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During the first few games of diving I had not noticed this color, but on Tuesday, August 9, 2016 the water of the Olympic diving pool in Rio 2016 was green.

What would be the reason for this color?

Here you can see the difference between two close pools:

Greenwater_rio2016

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This was unintentional, and caused by the pH of the pool being "outside the usual range". Quoting from BBC News:

The International Swimming Federation (Fina) explained it was caused by water tanks running out of certain chemicals.

But Fina stressed that there was "no risk" to athletes.

It explained that the discoloration was caused by the pH level - or acidity level - of the water being "outside the usual range".

  • Could it have been a cleaning substance or something of the sort? – Noir Antares Aug 10 '16 at 9:59
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    Chloramine, a common sanitizing agent and a family of sanitizing by-products, will turn the water green. For residential pools, shock helps to reduce those chloramines by changing them into more volatile chemicals that evaporate out of the water (creating that "chlorine smell"). I'm not sure what a pool this size would be using. – KeithS Aug 10 '16 at 15:36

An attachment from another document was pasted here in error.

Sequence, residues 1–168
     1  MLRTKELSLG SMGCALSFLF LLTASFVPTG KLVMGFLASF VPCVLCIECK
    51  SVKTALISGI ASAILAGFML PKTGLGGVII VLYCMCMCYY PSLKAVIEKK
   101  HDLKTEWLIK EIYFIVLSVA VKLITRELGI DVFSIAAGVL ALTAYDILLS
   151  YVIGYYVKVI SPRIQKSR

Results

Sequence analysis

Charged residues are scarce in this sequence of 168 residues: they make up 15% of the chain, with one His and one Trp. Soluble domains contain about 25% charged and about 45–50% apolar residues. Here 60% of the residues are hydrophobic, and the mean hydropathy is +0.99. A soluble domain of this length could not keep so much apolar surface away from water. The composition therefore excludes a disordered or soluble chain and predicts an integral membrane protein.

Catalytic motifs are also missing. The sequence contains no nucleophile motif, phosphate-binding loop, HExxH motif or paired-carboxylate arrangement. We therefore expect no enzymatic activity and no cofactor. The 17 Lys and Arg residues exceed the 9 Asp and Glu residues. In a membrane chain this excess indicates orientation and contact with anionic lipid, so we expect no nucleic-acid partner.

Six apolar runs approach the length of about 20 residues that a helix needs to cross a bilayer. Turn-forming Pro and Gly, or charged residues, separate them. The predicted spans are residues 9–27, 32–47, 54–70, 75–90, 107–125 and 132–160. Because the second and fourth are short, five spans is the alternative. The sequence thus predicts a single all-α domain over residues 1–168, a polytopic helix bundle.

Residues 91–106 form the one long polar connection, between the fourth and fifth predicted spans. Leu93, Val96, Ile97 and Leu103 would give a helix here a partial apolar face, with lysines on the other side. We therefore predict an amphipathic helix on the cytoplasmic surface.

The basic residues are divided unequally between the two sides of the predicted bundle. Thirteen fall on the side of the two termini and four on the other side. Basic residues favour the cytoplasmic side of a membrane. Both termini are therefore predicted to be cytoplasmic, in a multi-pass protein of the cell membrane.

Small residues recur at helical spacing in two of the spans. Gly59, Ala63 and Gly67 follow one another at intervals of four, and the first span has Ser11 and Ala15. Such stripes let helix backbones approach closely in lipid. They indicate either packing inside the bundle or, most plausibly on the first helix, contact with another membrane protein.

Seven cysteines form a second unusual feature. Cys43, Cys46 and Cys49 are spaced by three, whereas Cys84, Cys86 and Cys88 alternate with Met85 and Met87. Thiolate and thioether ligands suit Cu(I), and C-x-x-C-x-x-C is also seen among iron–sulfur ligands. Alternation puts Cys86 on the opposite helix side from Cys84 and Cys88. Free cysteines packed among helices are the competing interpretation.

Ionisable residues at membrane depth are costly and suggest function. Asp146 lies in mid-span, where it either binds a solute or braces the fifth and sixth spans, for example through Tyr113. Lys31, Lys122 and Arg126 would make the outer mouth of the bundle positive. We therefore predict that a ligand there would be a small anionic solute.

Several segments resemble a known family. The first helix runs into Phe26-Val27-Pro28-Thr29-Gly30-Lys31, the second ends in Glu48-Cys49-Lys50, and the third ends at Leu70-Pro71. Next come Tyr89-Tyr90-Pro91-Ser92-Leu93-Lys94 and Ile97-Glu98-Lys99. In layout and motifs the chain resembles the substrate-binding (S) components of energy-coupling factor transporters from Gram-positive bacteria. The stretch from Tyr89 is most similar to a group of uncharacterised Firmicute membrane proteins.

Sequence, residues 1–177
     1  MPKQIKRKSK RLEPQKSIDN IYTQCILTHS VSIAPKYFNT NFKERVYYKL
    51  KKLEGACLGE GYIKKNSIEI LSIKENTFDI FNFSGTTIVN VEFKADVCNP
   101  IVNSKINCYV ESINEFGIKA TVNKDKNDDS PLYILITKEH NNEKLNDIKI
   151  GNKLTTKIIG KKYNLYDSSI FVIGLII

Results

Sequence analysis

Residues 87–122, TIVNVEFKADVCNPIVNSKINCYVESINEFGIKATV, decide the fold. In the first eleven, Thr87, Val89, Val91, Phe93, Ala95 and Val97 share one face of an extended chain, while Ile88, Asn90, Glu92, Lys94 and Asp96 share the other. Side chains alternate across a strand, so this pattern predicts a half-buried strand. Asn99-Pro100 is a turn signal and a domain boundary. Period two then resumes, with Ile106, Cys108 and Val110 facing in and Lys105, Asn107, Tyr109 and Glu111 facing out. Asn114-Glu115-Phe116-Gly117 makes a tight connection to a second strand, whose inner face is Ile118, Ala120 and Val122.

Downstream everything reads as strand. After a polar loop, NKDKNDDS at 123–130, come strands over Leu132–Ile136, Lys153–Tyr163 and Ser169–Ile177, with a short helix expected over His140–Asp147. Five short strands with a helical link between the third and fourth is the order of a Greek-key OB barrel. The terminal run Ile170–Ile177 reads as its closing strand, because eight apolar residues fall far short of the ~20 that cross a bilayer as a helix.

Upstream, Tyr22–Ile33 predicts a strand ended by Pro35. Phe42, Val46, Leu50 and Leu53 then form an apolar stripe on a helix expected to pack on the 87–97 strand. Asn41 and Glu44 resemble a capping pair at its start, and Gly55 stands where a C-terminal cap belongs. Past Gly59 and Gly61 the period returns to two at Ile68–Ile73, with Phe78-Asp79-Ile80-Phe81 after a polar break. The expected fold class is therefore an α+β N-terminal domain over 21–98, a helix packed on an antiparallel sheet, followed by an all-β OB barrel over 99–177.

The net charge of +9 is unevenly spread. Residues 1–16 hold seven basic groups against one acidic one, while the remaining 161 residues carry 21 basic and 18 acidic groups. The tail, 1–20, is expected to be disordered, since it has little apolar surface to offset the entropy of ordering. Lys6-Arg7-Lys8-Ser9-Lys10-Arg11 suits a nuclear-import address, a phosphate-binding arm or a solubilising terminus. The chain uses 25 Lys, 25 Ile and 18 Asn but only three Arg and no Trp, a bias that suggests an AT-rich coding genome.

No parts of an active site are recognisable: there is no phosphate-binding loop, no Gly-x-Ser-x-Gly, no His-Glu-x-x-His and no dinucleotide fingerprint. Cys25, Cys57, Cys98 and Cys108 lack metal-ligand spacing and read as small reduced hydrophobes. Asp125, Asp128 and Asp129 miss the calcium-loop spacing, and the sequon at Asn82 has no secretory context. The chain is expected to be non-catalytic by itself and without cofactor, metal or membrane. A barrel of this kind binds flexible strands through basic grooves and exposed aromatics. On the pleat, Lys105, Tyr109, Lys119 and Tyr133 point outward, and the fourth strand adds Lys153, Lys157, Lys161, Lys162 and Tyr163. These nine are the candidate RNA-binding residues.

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A third-party contractor used hydrogen peroxide to clean the pools. Hydrogen peroxide is a de-chlorination agent, it neutralizes the chlorine which is added to the water to prevent the growth of algae and other micro-organisms.

With the chlorine levels lowered without anybody knowing, algae grew in the water and turned it green and reportedly slightly smelly. Now that the problem has been corrected, the chlorine is killing off the algae, and the pools are slowly returning to normal.

The pool used for synchronized swimming had to be completely drained and re-filled (using water from a training and warm-up pool for water polo, which is no longer needed because after the qualifying phase, the water polo competition was scheduled to move into the big stadium anyway) because neither the athletes nor the judges would have been able to clearly see what goes on under water, which is where most of synchronized swimming happens.

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